WHEN DEALING WITH CHILD’S ADDICTION PARENTS NEED SUPPORT NOT JUDGEMENT
We all want to put our best self forward. It is human nature. The sociologist Irvin Goffman referred to this as “impression management”. We want to be viewed as competent, we want our children to be viewed as successful, we want our marriages to be viewed as blissful, we want our schools to be top notch, and we want our community to be viewed as impeccable. This has always been the case.
Of course, Facebook has taken impression management to an entirely new level.
We want the picture to look perfect, however, addiction makes the picture ugly. Unfortunately, these tendencies to hide the truth play right into the hands of addiction. Denial exists on the individual level, the family level and the community level.
Admitting that addiction has entered the scene is a very difficult thing to do. It comes with so much shame and embarrassment.
The stigma around addiction is alive and well and it keeps people from seeking help. It also contributes to the family tendency to unintentionally protect the addiction. We don’t want others to know so we suffer in silence and we hope for the best. Many families won’t even talk to other family members for fear of being judged. We also know this can extend itself to our schools and other community institutions. If we aren’t careful there will be a collective effort to minimize the seriousness of substance use disorders.
This is especially pronounced where parents are concerned. When you are dealing with a child who is struggling with addiction there will be a lot of fear based and anxiety. Intrusive thoughts will invade your consciousness. Thoughts like:
- What do we do now?
- Is he going to make it out alive?
- What if he winds up in jail?
- Where do we send him for help?
- Where did we go wrong?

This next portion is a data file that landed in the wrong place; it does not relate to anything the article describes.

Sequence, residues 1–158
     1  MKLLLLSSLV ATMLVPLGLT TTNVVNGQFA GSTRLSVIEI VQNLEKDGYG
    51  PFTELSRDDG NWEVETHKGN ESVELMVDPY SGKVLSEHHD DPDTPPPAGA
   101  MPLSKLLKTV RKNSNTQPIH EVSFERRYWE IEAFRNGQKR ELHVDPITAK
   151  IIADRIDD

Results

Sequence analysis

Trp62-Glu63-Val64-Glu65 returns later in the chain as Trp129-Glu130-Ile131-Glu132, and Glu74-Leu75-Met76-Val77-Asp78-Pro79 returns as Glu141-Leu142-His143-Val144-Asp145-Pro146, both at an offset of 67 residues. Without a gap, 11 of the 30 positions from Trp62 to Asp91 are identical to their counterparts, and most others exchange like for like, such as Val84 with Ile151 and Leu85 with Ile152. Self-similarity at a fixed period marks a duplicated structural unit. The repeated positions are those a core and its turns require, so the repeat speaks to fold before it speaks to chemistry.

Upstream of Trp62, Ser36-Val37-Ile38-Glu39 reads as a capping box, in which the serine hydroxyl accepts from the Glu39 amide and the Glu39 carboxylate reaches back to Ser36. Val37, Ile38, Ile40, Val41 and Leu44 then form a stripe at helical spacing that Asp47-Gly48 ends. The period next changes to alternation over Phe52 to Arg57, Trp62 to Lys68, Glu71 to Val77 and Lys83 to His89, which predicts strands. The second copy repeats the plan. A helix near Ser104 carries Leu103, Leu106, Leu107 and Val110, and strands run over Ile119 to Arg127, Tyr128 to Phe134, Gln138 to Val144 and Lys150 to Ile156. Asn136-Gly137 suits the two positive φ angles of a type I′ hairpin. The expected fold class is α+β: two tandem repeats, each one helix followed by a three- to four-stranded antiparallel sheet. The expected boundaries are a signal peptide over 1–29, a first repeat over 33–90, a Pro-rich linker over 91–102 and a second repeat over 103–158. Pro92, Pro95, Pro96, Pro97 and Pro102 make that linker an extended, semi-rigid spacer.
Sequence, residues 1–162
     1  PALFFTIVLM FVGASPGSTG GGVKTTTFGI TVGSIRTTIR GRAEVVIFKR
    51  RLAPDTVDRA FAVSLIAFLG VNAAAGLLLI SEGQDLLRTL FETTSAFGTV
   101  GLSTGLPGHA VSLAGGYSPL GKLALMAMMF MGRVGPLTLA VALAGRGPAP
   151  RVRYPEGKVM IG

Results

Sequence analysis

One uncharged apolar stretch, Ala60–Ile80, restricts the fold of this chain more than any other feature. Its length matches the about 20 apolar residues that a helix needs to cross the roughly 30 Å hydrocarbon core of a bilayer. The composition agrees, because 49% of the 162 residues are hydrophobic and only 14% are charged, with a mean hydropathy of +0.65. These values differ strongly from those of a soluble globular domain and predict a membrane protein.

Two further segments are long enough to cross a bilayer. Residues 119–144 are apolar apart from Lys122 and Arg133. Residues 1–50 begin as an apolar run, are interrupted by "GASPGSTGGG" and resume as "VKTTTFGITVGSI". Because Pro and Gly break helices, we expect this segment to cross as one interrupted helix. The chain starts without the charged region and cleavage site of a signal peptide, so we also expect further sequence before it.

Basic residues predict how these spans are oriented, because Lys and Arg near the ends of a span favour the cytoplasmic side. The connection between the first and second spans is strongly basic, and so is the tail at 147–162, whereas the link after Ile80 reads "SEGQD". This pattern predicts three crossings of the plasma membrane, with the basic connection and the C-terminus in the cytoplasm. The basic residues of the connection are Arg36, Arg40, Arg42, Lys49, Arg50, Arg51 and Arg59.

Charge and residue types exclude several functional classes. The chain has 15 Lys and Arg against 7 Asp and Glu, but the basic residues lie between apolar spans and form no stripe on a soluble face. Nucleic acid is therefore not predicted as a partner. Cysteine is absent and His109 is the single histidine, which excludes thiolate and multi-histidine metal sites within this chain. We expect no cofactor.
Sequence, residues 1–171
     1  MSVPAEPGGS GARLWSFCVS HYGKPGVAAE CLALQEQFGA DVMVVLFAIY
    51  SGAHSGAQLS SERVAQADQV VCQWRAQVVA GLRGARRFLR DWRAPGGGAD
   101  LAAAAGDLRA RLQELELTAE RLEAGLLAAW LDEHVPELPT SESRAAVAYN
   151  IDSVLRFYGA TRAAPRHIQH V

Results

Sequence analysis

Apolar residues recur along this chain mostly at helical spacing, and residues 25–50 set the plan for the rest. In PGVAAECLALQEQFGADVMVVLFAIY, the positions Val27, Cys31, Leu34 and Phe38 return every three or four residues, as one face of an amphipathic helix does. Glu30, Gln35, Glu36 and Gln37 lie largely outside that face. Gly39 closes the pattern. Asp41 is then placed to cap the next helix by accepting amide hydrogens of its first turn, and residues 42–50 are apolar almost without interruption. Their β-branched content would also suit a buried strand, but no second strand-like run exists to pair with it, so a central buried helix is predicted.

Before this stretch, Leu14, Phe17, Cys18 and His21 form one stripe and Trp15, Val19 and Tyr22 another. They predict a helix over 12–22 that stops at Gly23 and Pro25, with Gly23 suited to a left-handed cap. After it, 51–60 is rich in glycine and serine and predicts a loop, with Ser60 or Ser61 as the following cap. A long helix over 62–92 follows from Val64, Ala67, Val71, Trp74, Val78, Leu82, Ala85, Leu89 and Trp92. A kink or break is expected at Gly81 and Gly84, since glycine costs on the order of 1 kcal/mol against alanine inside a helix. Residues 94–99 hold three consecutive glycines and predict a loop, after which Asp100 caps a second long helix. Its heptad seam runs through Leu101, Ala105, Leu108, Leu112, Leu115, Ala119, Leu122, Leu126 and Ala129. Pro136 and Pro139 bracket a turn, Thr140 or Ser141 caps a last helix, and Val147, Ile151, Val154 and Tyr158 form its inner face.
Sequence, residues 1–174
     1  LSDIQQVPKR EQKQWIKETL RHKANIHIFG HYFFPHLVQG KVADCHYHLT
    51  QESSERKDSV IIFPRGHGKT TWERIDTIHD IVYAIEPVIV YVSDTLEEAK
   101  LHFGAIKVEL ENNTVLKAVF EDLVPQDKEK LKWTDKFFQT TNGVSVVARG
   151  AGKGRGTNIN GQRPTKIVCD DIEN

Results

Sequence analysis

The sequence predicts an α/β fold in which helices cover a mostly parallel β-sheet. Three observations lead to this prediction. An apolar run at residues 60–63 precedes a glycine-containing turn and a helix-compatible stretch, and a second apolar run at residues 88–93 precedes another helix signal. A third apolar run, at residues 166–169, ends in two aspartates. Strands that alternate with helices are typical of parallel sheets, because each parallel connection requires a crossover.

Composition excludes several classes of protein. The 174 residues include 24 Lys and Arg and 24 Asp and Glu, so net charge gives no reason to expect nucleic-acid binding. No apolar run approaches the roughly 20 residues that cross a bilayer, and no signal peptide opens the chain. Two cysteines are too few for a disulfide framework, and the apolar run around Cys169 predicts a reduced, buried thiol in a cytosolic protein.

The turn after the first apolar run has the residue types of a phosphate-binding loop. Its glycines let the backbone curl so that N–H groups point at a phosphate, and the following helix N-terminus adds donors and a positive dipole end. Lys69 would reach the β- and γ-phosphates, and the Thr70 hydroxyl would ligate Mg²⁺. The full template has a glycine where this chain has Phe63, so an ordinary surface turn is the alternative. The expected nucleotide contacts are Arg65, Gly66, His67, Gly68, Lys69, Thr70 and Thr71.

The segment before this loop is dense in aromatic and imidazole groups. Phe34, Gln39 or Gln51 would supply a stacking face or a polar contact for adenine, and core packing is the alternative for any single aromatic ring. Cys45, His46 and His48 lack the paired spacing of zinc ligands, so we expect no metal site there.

- How do we pay for this help?
Many uncomfortable “scenarios” will be played out in your mind. You will spend an inordinate amount of time trying to figure out all the possible outcomes. This process is natural and hard to avoid. You will learn to manage them but they come naturally. All of this contributes to a great deal of stress and can manifest itself in serious physical and mental health problems for parents.
But there are some UNNECESSARY thoughts that may pop up. This category will suck the life out of parents. These thoughts serve no purpose and will ultimately make the entire recovery process more difficult to manage. We call this the “WHAT WILL “THEY” THINK CATEGORY. You may ask. Who is this mysterious “they”? “They” are all the people in your life that you believe will judge you and your kid harshly. Could be friends, could be family, could be acquaintances, could be co-workers, could be the preacher at church, could be anyone… anyone you are concerned may pass judgement.
- What will grandma and grandpa think about this situation?
- What will the preacher think about my son?
- What will my co-workers think about this issue?
- What will the ladies my prayer group say about his behavior?
These are the thoughts that need to be crushed. Parents have enough on their plate. Adding the emotional turmoil of societal judgment will impede their ability to solve problems, think clearly and manage the very real stress associated with the situation.
Substance use disorders are a healthcare issue and should be treated as such. If a person is drinking too much or using substances at a dangerous level it needs to be talked about and addressed. There is nothing to be ashamed of in seeking help. There is no down side to asking questions. Family members need an outlet to explore their concerns and individuals need ease of access to start the recovery process. We must create environments of open sharing and positivity. We must make recovery a welcoming process. There needs to be an uplifting and empowering “vibe” around recovery. Parents need to look for information and support and ultimately start to develop a plan for managing the issue:
Some simple and practical advice:
1) Get uber-educated and informed on the subject of addiction and recovery. Look for books and resources. Look to experts but be careful because many people have declared themselves instant experts. Look to people with experience in this area. Other parents who have dealt with addiction make a great resource.
2) Make a plan for your recovery and a plan for “your response” to the CURRENT STAGE of your loved one’s disease. Again, education is paramount.
3) Find a coach or supportive person to encourage and guide you as you make these plans.
4) Work the plan. Every time you get off track get right back on the plan.
5) Maintain Contact with your coach as your work the plan. Encouragement and supportive advice is essential throughout.